It’s almost impossible not to come across a story every day about another victim of the opioid/mental health crisis that is devastating cities around the globe.
This ongoing tragedy encompasses so many issues and has so many facets but at the end of the day it is a tragedy of people. Real people who have real stories and whose stories have elements that anyone can relate too.
So, what makes a person succumb to pain, depression and despair? Why are some people able to stay clean and others can’t break free? The answer is not always the same, neither is the end of each persons tale. Taking a page from a true life news article, singer/songwriter Steve Murphy embraces the idea of the person behind the byline in a short story centering on Mark; a homeless man who battles his personal demons, usually without much success.
From the opening of Foul Play is Not Suspected Murphy asks the questions we should ask and take the time to think about. The characters of this short story could be anybody and like anybody, they have twists and turns in their lives; as well as a desire to find the best lives for themselves.
The crisis’ of drugs and depression often go hand in hand and by no means can be put into a box or a quick article but the authors considerable talent allows him to illustrate an accurate and savvy picture of how these problems affect all people in society.
At the center of Foul Play is Not Suspected is Mark an everyday man who becomes the symbol of a life interrupted by darkness and bad decisions and the inability to get past his addiction. But, there are more layers to Mark and to Murphy’s story in general. Thankfully, the message is not lost in complexity nor overwritten to prove a point. His vision stays true to the message and is clear as well as impactful.
Steve Murphy closes the story with links and ideas to be more active, as well as a link to the original article and a link to an informative article about the health risks of opioids.
Reading stories like Foul Play is Not Suspected will help put the right take on this overwhelming problem and should be part of any book club. A longer version of the story would have been wonderful.
Pages: 103 | ASIN: B07XC1QFZD
Every person in their youth has dreamt of escaping to some exotic locale for fun, freedom, and newness. Someplace on the globe that is ‘other’; a place that can physically represent the internal battle of reaching adulthood and really understanding how things change and how one wants to find their own and new identity.
For the author, Nan Sanders Pokerwinski, the dream of a far off world full of new possibilities was a lush and beautiful reality. Mango Rash is a memoir of her brief time in America Samoa as a teen back in the mid-sixties. But it is so much more than that! Nan’s recall of her life-transforming time is a lush, layered, inviting and provocative tale that is so delightful to read!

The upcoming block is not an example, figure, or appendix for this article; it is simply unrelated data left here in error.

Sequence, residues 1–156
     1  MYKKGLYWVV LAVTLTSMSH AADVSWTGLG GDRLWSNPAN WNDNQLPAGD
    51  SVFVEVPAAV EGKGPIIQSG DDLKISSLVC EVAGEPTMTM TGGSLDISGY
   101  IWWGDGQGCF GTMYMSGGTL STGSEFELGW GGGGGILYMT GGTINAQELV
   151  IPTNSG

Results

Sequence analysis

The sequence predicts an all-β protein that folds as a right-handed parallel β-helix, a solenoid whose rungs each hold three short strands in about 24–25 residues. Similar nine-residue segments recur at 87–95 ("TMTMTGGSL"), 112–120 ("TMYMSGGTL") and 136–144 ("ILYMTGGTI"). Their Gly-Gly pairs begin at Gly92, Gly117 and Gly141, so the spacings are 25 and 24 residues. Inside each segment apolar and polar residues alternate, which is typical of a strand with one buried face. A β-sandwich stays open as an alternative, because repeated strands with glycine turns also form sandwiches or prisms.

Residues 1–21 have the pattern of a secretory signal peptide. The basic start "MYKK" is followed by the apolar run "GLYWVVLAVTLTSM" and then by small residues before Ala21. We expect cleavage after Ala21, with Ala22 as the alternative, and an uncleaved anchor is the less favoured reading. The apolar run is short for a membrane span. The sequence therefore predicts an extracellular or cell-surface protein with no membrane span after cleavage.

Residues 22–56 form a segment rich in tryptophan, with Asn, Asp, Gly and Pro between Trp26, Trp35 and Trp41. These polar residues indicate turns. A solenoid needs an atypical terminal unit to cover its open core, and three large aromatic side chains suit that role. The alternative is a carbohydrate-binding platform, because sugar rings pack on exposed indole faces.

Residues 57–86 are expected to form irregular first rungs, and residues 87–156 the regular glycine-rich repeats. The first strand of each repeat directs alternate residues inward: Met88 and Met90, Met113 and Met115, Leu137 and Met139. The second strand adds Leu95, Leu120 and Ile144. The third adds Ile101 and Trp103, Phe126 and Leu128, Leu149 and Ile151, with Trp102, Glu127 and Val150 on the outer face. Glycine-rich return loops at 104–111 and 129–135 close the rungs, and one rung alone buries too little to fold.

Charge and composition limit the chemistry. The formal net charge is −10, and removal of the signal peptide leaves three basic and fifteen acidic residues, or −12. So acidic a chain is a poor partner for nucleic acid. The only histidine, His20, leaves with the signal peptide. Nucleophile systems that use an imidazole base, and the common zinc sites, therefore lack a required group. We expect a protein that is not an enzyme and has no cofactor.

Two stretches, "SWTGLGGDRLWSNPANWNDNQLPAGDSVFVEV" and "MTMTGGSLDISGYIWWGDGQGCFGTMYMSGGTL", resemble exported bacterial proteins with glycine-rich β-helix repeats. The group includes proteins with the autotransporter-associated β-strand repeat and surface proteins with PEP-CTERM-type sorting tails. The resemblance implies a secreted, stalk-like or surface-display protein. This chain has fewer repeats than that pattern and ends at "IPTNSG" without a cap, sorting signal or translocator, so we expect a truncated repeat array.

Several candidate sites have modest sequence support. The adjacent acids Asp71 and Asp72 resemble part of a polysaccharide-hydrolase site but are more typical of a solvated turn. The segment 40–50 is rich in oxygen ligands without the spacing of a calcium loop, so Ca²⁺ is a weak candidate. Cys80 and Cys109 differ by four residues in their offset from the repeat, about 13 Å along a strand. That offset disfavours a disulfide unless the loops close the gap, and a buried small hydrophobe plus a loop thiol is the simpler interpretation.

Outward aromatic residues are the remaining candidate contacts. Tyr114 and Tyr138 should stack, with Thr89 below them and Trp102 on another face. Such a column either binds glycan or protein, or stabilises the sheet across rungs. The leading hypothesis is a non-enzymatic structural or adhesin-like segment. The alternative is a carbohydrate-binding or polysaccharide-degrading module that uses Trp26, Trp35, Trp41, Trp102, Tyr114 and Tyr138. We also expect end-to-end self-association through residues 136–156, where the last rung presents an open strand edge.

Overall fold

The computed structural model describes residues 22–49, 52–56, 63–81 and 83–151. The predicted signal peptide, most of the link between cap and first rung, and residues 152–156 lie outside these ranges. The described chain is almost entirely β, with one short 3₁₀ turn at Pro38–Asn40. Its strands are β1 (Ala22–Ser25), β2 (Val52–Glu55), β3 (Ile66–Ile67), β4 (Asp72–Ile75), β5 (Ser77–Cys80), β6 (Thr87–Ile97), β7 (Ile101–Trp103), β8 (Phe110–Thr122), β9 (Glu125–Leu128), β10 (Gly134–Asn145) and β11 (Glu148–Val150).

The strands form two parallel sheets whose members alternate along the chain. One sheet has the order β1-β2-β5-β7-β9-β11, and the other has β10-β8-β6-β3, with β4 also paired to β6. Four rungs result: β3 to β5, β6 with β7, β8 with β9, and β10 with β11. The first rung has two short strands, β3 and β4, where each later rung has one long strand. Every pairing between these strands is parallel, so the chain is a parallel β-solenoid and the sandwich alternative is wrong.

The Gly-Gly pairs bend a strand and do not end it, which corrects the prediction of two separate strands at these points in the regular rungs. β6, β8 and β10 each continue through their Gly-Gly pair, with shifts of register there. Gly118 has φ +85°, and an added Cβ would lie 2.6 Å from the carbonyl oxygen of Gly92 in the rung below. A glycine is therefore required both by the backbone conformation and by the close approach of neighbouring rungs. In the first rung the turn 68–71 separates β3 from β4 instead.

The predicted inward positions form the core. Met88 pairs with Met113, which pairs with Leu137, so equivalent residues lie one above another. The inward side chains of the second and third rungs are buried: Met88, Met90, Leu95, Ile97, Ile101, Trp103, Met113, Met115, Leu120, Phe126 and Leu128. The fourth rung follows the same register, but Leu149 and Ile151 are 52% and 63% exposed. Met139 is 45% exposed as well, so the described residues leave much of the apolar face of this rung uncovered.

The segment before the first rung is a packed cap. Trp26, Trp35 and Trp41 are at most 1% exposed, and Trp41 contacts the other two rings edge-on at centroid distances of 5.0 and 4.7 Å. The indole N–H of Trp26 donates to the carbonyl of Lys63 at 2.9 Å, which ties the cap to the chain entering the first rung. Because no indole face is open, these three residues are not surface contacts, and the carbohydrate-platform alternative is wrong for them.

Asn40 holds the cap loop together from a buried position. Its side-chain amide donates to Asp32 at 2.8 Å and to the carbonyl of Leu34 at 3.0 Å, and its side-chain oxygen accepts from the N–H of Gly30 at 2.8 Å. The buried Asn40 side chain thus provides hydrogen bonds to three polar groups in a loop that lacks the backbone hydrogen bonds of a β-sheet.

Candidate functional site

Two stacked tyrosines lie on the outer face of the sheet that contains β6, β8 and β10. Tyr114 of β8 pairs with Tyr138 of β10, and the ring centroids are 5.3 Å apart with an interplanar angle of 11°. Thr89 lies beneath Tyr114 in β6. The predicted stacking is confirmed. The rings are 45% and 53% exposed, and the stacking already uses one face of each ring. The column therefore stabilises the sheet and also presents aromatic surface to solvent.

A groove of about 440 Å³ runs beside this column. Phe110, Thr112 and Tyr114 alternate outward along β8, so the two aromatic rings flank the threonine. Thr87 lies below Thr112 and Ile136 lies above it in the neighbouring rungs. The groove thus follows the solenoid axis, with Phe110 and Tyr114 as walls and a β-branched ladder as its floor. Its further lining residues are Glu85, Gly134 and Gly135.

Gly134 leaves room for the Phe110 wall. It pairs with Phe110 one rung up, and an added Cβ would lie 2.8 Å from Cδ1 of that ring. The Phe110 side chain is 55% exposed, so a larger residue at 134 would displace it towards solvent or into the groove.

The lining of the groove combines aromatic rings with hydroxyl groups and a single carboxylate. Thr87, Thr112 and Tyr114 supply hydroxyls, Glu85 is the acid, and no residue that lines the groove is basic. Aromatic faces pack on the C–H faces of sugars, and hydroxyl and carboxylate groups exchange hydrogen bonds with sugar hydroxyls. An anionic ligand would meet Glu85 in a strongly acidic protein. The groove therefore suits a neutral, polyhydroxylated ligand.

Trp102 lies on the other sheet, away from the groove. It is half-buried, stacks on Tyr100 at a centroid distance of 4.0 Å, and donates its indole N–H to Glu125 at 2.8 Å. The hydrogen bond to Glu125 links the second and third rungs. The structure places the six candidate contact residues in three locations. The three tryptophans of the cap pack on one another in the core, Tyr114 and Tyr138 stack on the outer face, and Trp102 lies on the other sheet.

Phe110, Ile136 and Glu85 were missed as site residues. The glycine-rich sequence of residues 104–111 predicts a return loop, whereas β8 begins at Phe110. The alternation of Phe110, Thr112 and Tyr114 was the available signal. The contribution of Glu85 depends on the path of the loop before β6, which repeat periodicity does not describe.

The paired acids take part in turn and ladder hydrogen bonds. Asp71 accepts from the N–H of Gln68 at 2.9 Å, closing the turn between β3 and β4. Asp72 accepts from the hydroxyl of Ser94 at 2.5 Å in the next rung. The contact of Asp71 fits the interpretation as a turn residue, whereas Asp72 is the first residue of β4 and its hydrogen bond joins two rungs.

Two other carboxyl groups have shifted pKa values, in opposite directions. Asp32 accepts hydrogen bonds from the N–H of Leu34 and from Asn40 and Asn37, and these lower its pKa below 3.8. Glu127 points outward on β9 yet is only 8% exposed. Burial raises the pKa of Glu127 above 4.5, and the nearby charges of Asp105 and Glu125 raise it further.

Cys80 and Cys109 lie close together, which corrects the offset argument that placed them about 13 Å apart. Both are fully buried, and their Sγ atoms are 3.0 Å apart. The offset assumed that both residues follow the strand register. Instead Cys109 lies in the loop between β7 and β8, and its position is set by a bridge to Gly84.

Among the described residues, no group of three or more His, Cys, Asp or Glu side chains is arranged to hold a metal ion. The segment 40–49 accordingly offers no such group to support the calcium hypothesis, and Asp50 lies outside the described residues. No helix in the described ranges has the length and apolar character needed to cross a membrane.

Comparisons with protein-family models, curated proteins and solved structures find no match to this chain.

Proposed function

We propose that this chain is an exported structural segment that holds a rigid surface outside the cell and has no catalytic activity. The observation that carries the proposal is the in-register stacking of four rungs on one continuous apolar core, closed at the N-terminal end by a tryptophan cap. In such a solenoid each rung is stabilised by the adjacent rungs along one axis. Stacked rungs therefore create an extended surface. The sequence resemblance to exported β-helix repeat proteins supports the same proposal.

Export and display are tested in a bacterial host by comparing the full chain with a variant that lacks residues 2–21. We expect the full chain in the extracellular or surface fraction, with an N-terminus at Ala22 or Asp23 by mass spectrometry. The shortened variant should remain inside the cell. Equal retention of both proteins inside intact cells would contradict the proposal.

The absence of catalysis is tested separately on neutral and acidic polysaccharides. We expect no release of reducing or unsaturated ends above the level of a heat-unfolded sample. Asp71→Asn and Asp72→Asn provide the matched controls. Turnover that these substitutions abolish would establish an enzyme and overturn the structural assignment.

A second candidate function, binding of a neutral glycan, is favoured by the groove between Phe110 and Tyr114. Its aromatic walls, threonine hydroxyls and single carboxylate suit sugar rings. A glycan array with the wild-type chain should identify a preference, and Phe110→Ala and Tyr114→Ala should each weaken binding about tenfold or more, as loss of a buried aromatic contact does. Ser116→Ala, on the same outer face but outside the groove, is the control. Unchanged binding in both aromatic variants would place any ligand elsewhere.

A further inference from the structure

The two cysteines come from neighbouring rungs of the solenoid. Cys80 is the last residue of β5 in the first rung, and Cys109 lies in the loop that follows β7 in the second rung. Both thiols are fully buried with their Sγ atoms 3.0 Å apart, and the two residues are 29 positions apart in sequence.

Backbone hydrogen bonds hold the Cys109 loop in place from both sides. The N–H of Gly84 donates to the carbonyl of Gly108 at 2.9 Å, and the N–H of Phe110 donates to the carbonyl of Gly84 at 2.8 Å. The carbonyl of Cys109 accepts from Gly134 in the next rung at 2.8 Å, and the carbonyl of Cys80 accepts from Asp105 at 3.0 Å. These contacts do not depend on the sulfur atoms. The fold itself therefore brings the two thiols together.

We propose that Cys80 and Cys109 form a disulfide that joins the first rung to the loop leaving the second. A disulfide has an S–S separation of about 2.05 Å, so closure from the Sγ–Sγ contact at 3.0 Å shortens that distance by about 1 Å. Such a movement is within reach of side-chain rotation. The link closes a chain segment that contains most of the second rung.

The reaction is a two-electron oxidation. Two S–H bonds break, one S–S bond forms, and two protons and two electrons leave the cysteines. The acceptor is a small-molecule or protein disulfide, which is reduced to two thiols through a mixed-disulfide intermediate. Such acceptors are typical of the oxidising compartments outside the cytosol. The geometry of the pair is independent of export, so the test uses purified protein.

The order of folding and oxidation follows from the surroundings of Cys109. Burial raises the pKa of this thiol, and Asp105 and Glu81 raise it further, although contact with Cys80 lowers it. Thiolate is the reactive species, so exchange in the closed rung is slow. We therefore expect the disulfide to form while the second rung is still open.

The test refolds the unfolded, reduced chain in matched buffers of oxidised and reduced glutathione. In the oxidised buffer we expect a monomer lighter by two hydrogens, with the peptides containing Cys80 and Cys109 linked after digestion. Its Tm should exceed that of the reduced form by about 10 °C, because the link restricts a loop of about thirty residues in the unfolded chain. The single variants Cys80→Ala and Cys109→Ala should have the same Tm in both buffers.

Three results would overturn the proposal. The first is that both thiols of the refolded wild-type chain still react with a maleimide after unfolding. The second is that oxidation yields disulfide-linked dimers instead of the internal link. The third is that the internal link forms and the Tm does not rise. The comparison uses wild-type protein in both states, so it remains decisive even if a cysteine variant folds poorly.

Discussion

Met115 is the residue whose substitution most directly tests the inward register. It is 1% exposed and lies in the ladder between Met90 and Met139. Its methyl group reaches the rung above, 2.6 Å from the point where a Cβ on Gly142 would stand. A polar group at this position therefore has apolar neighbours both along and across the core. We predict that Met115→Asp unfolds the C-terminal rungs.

Mango Rash peppers in historical references and factual instances in a perfect way that makes Nan’s story more intriguing and doesn’t date the story. In fact, the writer’s coming of age story is so timeless in the way that any teen can relate too in any age or any setting.
America Samoa provides such a picturesque and breathtaking backdrop to the timelessness of Mango Rash. Nan’s voice is so strong and effective and pens such a likable and marvelous story with a place that everyone will want to visit and a group of people that everyone will want to meet.
Nan’s ups and downs on the island mirror her ups and downs in life and her voyage to figure out where her home really is. The all too brief interactions with her parents and the very quick observations she makes about the world around her were such wise touches!
Mango Rash has an ending I did not see coming, but probably should have. Despite the memoirs’ sudden end and out of nowhere change, the author makes the conclusion stick with flair and whimsy.
Pokerwinski has a huge talent for drawing the reader in with such ease and flair; like listening to a story being told by your best friend! Everything about Mango Rash is delightful and wondrously fun!
Take the time to enjoy this book and you will find yourself reflecting on the people and places that helped shape you and still hold a part of your heart today; as well as identifying closely with the characters. For sure, you will dream of American Samoa and will be hoping that Nan has more stories to tell.
Pages: 300 | ASIN: B07WNXS6LV
Almost everyone has been touched by cancer; either indirectly or directly by this aggressive and unpredictable disease. Serious diseases affect people in different ways, sometimes the emotional storm leaves you as unprepared as the illness. A child battling cancer is as bad as it gets and the real life story of Adrienne Wilson is a total gut-wrencher as well as beautiful, uplifting and encouraging one. Better off Bald: A Life in 147 Days is an undeniably fascinating read that should be experienced!